Africanfuturism and British Catastrophe Literature

Nubian desert with sandy ground, big black rocks, and a gray sky.

Lesson Plan Production Details

Developer: Jessie Reeder Contact

Peer Reviewers: Barbara Barrow, Renée Fox, Cherrie Kwok, Diana Rose Newby, Matthew Poland, Oishani Sengupta, Emma Soberano

Lesson Plan Cluster Developer/Copyeditor: Ryan D. Fong Contact

Webpage Developer: Ava K. Bindas

Cluster Title: Undisciplining In and Through Contemporary Texts

Publication Date: 2024


This lesson plan aims to help students grapple with the historical white supremacy and racist epistemological underpinnings of British catastrophe literature – and of speculative fiction more broadly. What follows are some concrete strategies for teaching Nnedi Okorafor’s award-winning 2010 novel Who Fears Death, a post-apocalyptic African fantasy novel, alongside texts that more “traditionally” appear in a Victorian literature course on apocalypse.

I propose ways that Okorafor’s novel can be used in the classroom to further a goal I already have in teaching these texts: to show how British apocalyptic literature both critiques and yet ultimately rests upon the assertion of imperial whiteness. The discussion questions, lesson ideas, and assignment possibilities offered here are ultimately designed to help students see an “Africanfuturistic” text like Okorafor’s, not as a mere counterpoint to British literature, but rather as an alternative mode of theorizing the catastrophic epistemological assumptions of our ongoing Victorian world. My experience with these texts and lessons took place at a public research university, in a zoom class in fall 2020.

Course Description and Particulars

The overall course, which I call “Catastrophe Form,” is designed to get students thinking transhistorically about the various catastrophes unleashed by the British nineteenth century – racial, imperial, climatological, and beyond. I assign the following primary texts, in order to think about how Victorian authors wrote about various forms of catastrophe (plague, invasion, extinction, natural disaster, etc.) as well as how they wrote about them in various forms:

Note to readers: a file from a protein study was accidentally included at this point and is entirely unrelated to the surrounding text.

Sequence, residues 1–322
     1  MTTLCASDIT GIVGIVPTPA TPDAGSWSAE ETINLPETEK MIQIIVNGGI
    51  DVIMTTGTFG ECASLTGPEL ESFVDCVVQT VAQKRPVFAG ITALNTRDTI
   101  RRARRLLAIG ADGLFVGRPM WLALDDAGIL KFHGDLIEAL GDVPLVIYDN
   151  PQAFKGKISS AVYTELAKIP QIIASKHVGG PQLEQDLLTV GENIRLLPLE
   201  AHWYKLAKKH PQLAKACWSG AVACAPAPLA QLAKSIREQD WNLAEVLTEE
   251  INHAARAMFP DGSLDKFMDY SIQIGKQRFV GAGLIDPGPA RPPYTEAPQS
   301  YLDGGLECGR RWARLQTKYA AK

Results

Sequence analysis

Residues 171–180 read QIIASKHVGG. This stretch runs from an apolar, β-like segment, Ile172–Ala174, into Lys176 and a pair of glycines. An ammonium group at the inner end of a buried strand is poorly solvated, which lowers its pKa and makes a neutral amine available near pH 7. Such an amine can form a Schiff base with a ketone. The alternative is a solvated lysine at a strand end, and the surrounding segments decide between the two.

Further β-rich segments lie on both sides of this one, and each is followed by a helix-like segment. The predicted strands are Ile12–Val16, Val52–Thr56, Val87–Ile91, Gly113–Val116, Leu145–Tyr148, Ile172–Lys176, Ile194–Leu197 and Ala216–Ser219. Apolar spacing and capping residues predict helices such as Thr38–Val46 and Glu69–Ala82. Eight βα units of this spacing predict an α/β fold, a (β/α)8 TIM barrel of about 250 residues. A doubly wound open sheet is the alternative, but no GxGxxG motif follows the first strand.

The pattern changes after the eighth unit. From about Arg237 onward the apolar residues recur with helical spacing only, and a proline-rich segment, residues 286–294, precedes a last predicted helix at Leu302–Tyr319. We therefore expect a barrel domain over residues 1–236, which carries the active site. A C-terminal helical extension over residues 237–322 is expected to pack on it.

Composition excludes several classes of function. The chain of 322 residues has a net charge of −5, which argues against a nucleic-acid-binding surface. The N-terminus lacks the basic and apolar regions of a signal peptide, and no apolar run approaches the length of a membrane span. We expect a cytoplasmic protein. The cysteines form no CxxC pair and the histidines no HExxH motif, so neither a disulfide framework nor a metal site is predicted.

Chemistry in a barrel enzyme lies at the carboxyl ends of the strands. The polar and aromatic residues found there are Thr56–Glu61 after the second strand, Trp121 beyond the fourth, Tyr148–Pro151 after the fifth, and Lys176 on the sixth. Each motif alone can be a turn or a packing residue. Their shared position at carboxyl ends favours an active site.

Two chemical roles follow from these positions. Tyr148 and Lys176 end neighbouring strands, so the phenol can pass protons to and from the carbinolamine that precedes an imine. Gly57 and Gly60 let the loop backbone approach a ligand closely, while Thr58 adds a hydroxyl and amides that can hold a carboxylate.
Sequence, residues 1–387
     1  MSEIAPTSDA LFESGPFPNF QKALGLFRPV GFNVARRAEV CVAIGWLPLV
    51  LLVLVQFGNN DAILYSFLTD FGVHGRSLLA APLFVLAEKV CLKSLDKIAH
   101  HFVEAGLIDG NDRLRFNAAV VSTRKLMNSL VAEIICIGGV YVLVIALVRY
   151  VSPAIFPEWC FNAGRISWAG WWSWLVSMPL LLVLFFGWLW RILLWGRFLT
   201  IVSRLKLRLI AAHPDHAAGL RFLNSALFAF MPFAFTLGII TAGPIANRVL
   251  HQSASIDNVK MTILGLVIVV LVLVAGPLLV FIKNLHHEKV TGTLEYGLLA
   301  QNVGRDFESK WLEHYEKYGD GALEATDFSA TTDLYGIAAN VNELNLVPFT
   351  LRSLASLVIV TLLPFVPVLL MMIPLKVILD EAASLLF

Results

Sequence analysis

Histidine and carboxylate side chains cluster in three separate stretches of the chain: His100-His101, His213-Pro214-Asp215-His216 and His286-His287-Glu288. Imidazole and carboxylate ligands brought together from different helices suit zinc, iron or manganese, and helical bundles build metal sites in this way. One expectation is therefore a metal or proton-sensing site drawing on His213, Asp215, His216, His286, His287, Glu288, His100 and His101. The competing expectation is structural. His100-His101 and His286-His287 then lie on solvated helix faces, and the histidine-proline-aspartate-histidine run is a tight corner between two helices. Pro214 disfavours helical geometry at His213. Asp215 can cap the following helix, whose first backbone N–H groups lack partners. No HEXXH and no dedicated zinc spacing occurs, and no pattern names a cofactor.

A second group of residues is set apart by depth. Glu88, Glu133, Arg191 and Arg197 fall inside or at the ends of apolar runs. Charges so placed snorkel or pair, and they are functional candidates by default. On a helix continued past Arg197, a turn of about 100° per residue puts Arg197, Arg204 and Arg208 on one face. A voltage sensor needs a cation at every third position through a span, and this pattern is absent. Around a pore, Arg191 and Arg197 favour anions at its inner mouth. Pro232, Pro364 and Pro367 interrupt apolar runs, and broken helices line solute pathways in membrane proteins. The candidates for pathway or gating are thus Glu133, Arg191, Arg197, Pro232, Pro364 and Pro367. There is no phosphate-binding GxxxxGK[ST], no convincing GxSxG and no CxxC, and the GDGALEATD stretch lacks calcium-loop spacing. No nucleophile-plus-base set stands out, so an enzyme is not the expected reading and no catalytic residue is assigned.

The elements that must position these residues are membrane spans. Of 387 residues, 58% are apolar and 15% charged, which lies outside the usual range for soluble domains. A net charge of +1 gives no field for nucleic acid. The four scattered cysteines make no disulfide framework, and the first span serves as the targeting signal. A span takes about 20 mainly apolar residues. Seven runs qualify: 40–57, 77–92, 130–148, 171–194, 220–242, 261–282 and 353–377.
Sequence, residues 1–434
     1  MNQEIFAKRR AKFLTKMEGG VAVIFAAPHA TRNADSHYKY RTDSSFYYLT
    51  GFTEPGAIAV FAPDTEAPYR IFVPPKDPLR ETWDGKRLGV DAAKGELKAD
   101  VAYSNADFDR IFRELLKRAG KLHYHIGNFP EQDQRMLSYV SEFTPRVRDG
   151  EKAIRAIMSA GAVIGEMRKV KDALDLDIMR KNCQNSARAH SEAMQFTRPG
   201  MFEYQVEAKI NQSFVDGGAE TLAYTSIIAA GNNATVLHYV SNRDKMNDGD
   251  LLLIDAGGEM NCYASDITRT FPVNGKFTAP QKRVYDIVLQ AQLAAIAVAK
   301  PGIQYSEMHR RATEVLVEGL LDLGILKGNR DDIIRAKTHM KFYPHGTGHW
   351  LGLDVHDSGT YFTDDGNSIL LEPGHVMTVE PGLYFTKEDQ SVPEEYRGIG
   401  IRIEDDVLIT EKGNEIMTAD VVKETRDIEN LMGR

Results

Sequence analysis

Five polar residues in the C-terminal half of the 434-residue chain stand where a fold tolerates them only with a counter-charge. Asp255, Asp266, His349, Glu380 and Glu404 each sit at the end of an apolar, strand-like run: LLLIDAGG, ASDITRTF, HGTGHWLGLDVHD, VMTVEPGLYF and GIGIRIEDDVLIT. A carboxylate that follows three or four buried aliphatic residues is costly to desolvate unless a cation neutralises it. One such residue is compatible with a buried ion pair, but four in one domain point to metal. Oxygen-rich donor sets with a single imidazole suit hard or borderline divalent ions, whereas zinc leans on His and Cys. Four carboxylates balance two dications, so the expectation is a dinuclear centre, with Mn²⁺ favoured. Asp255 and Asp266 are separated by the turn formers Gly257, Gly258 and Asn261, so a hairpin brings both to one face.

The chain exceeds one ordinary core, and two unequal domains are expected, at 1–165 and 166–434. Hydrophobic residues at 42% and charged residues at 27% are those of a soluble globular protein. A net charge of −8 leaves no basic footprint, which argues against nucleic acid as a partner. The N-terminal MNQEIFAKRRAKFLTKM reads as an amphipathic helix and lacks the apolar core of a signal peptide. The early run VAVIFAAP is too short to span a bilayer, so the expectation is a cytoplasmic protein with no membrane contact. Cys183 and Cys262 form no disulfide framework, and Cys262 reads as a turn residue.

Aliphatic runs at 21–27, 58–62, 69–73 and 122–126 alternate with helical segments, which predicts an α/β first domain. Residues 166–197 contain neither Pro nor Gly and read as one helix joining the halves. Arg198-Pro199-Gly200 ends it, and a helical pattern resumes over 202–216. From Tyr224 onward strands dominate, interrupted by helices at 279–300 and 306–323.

• William Wordsworth, “The World is Too Much With Us”
  • G.G. Byron, “Darkness”
  • John Clare, “The Mores,” “The Fallen Elm”
  • Alfred Tennyson, “The Kraken,” In Memoriam AHH
  • Robert Barr, “The Doom of London”
  • Fred M. White, “The Four White Days”
  • John Ruskin, “Storm-Cloud of the Nineteenth Century
  • Richard Jefferies, After London
  • Mary Shelley, The Last Man
  • Guy Boothby, Pharos the Egyptian
  • George Tomkyns Chesney, The Battle of Dorking
  • H.G. Wells, “The Star” and War of the Worlds
  • The Purple Cloud1

To contextualize these texts within the multiple, unequal, and ongoing states of catastrophe that their century unleashed, I assign secondary readings on twenty-first century racism, imperialism, and climate disaster. These include:

  • Elizabeth Kolbert, The Sixth Extinction (excerpts)
  • Rob Nixon, Slow Violence (excerpts)
  • Zadie Smith, “Postscript: Contempt as a Virus”
  • Kathryn Yussof, A Billion Black Anthropocenes or None (excerpts)
  • Kyle Powys Whyte, “Indigenous science (fiction) for the Anthropocene”
  • Jonita Davis, “How Black Women are Reshaping Afrofuturism”
  • Frank B. Wilderson III, Afropessimism (excerpts)

And in the final weeks of the semester, we turn our attention to apocalyptic literature from beyond Britain and beyond the nineteenth century, such as:

  • W.E.B. Du Bois, “The Comet”
  • Nnedi Okorafor, Who Fears Death
  • Alexis Pauline Gumbs, M Archive
  • “The Combahee River Collective Statement”

I teach this course at Binghamton University, where every course is 4 credits, and a majority of the students are well prepared for a college workload. It is also a graduate-level class, including Ph.D. students, M.A. students, and some advanced undergraduates. Because of these factors, I am able to assign a greater quantity of reading than may be feasible in other pedagogical contexts. Most of my students also possess at least some familiarity with Victorian literature. While I believe the general course content would be appropriate for many levels and needs, the reading list might need to be adapted. Lastly, I am a white woman teaching a majority-white student body, which certainly shapes the prior knowledges we all bring to the room.

Who Fears Death